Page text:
A key Senate committee on Thursday advanced the nomination of Dr. Robert Califf to become commissioner of the Food and Drug Administration to the full Senate in a vote largely divided on partisan lines.
The committee’s vote of 13-to-8 suggests that lawmakers have lingering concerns about Dr. Califf, who held top posts in the agency in previous administrations. Among those opposed to his nomination were a few Democrats who cited the devastation of the opioid epidemic and Dr. Califf’s
financial ties to pharmaceutical companies. A date for the Senate’s vote on confirmation has not been set.
If confirmed, Dr. Califf would lead an agency that has been under intense scrutinyduring the pandemic as it weighed the safety of coronavirus vaccines and treatments, and reviewed dozens of masks and tests.
Most recently, the agency has been criticized by those who contend that it is to blame for sluggish approval of rapid at-home tests, leading to shortages as the Omicron variant caused a sharp spike in infections, and as consumer demand soared for tests for schoolchildren and workers. The agency said that it had concerns about the tests’ sensitivity but not the overall accuracy.
High-risk patients who test positive for Covid-19 are also facing severe shortages of medications that are effective against the variant — even as the agency remains the gatekeeper to therapies and diagnostics that could help.
On Dec. 14, Dr. Califf appeared before the Senate Health, Education, Labor and Pensions Committee in mid-December, answering questions about the pandemic, the opioid crisis and other topics.
As a cardiologist, Dr. Califf spent decades leading clinical trials at the Duke University Medical Center in North Carolina. Most recently, he led clinical policy and strategy for Verily, the life sciences arm at Google. During the hearing, he emphasized the value of existing data, much in patients’ electronic medical records, to help answer difficult questions about the evidence for drugs and devices.
Republicans asked how he would handle rules around medications to induce abortion, which had been relaxed during the pandemic after years of tight restrictions. Two days after the hearing, the F.D.A., under interim Commissioner Dr. Janet Woodcock, announced that it would permanently lift restrictions, allowing patients to terminate a pregnancy in the first 10 weeks after a telemedicine visit with medications taken at home.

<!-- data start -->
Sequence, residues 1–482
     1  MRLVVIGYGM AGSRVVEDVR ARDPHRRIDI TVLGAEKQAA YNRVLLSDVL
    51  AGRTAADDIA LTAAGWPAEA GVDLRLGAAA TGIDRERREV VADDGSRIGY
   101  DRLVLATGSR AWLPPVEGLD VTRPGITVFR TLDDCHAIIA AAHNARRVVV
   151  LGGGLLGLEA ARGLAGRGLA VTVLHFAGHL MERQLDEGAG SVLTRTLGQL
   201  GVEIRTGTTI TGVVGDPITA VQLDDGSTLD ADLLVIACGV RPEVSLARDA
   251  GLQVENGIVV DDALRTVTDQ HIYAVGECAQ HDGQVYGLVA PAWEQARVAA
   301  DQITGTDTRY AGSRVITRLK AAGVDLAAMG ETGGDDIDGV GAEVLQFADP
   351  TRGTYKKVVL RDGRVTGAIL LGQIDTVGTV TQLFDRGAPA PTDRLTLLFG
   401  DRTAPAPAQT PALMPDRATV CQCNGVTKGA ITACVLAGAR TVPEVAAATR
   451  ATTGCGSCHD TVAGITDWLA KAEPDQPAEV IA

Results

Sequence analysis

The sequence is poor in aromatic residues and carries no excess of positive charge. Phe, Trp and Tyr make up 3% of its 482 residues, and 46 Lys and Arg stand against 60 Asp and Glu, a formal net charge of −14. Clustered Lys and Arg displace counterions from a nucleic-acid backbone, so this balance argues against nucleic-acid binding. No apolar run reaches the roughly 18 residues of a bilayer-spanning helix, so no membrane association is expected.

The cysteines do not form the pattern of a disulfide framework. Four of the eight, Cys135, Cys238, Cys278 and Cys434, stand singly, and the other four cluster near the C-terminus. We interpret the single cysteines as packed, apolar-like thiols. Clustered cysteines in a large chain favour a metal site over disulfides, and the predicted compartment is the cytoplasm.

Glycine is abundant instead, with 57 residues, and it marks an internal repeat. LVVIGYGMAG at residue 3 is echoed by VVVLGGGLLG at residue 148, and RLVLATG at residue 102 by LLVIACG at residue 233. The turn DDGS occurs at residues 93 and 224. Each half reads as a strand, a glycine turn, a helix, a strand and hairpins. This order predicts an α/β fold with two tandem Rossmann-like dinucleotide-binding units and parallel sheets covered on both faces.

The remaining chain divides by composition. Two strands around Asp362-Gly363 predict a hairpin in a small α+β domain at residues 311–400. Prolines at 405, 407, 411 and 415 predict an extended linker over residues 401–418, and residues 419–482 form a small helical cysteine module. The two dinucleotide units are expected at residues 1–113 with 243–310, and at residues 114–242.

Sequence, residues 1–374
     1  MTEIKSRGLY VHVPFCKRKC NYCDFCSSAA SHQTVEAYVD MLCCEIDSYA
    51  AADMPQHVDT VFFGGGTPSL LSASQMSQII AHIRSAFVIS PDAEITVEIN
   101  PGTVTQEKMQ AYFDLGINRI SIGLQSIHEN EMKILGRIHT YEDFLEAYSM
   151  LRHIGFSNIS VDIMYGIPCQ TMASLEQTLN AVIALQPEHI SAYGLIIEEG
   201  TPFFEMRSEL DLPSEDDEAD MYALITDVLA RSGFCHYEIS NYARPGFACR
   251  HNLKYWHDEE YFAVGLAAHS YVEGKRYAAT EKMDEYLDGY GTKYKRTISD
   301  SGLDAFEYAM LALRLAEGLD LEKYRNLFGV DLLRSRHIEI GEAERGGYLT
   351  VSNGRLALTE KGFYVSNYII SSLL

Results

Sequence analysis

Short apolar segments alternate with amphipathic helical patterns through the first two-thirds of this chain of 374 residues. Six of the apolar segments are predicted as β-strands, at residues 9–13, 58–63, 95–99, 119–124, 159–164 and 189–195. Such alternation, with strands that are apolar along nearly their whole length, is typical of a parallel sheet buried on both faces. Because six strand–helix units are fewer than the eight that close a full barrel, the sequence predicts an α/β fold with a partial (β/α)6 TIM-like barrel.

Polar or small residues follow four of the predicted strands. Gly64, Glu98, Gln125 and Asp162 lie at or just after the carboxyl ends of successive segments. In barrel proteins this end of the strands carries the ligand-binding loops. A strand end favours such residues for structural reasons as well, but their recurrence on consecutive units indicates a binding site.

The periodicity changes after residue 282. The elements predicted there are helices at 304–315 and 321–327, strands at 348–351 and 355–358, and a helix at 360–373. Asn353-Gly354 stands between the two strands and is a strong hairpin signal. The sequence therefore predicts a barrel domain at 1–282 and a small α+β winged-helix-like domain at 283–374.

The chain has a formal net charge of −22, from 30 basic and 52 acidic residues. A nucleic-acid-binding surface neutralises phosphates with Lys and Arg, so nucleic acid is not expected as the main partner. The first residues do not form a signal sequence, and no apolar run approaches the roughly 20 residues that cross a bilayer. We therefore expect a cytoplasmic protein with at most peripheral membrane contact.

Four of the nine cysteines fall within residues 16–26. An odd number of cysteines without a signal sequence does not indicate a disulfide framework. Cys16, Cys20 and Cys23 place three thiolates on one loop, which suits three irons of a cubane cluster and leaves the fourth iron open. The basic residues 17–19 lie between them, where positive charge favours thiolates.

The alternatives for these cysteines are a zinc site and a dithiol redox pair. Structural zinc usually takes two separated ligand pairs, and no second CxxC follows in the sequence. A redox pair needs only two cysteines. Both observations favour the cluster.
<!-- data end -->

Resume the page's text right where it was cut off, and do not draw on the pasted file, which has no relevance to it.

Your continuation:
Dr. Califf was previously confirmed in a 89-to-4 Senate vote to lead the F.D.A. during the last year of the Obama administration. If confirmed again, he will face key decisions on tobacco control as he tries to balance e-cigarettes as a tool to help some quit smoking without creating a new generation of users. Scrutiny around accelerated approvals of drugs will be heightened, given the current debate over the agency’s approval of the controversial Alzheimer’s drug, Aduhelm.
Some senators have already expressed their opposition to Dr. Califf’s nomination. Senator Bernie Sanders of Vermont voted against Dr. Califf. During the December hearing, he denounced Dr. Califf’s ties to major pharmaceutical firms, which include consulting fees and stock ownership of as much as $8 million. “That is exactly the close relationship Big Pharma has exploited to regulate the F.D.A., instead of the F.D.A. regulating them,” Senator Sanders said.
The nominee told the Senate panel that the F.D.A. and its parent agency, the Department of Health and Human Services, have strict ethics rules that he’s agreed to comply with.
Senator Maggie Hassan of New Hampshire also voted against Dr. Califf’s nomination. She pressed him in December on the F.D.A.’s failure to update the labeling of opioid medications. Dr. Califf said the agency would continue to review the evidence coming in.
Senator Hassan responded that she thought the matter was settled: “The evidence has been here for a long time,” she said. “It’s the evidence of thousands of people, hundreds of thousands of people, dying in this country.”